Three Latin American films were awarded at the Rome Film Festival which ran November 9-17 at the Italian capital. Spanish DP Arnau Valls Colomer received the Award for Best Cinematography in the official competition his work on the Mexican film Mai Morire (pictured) by Enrique Rivero.
The sophomore production by Rivero (Parque Vía) narrates the story of Chayo who returns to Xochimilco, her hometown, to care for her elderly mother who is on the verge of death. Surrounded by love and the sublime beauty of the natural environment, Chayo must give up something that to a woman and mother is inalienable. The experience of struggle and confrontation, submission and finally liberation from the ties of this world. That will be the price of her freedom.
Brazilian production Avanti Popolo (pictured right) by Israeli-Uruguayan director Michael Wahrmann received the prize for Best Feature Film in the CinemaXXI competition. The film tells the story of Andrè, who returns to his childhood home in São Paulo, where his father, an old man living alone with no other company but his faithful dog, is waiting for the son who left thirty years earlier for the distant Soviet Union and never returned. Andrè thereby undertakes a touching and ironic journey into the memory of a country where the spectre of dictatorship, the lure of communism, the passion for good cinema and music, and the regret for the decline of ideologies, still linger.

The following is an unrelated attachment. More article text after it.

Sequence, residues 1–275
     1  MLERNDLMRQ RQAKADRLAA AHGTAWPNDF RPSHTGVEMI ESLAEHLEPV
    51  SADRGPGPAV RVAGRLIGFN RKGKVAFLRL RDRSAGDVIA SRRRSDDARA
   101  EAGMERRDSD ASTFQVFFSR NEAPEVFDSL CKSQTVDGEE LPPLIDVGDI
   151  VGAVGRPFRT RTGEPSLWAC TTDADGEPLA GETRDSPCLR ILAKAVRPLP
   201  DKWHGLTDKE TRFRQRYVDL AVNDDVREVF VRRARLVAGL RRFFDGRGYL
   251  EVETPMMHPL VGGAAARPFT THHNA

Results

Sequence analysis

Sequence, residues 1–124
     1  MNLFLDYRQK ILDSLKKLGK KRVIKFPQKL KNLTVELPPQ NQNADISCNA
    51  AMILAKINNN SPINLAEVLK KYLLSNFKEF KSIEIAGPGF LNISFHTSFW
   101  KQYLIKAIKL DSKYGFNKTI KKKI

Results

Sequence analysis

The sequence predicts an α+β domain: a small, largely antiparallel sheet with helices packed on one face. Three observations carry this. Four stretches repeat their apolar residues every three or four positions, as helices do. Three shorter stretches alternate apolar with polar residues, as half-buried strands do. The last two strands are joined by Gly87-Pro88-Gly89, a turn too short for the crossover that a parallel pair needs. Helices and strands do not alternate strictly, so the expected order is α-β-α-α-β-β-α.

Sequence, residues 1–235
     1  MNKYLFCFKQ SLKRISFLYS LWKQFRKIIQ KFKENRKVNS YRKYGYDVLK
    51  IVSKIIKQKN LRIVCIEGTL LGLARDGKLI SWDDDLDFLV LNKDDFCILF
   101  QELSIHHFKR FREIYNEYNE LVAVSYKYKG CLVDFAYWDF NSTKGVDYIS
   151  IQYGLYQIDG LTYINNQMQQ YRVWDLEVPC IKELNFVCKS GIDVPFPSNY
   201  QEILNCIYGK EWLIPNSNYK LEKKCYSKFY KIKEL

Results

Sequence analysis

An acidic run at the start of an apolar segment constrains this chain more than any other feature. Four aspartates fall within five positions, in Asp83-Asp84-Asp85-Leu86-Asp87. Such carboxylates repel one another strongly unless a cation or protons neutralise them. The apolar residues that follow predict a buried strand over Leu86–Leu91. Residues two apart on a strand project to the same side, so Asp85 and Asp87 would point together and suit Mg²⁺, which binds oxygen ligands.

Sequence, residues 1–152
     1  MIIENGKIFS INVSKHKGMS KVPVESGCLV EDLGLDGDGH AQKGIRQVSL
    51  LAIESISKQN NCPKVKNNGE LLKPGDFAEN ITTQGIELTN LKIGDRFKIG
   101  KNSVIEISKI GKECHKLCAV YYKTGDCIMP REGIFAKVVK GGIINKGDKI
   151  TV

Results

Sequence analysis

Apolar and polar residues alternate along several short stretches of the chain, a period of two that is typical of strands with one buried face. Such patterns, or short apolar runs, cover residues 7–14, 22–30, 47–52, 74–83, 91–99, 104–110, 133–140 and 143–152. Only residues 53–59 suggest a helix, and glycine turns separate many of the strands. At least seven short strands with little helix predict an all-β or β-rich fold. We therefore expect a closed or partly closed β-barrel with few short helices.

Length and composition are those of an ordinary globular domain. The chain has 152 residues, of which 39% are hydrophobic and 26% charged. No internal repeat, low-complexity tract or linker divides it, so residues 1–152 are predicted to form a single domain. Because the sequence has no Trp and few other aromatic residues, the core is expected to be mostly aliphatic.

The Argentinean-Spanish documentary film El ojo del tiburón / The Shark's Eye by Alejo Hoijman was the winner of the Social Cinema Award. The film is a sensorial journey through two teenagers’ searching eyes. Maicol and Bryan live in Greytown, in the middle of the Nicaraguan jungle. Here live shark fishermen, drug traffickers and military patrols. There is electricity only a few hours a day, yet Bryan and Maicol keep up to date like young people all over the world with mobile phones, the Internet and TV. Nevertheless, their days of hunting and playing together will soon be over: the summer will mark the end of their childhood and their abrupt journey into adulthood. Bryan is anxious as he embarks on his first fishing trip to the sea. Maicol feels tempted to follow the path into drug trafficking, which seems to be risk-free in a town visibly scarred by the civil war.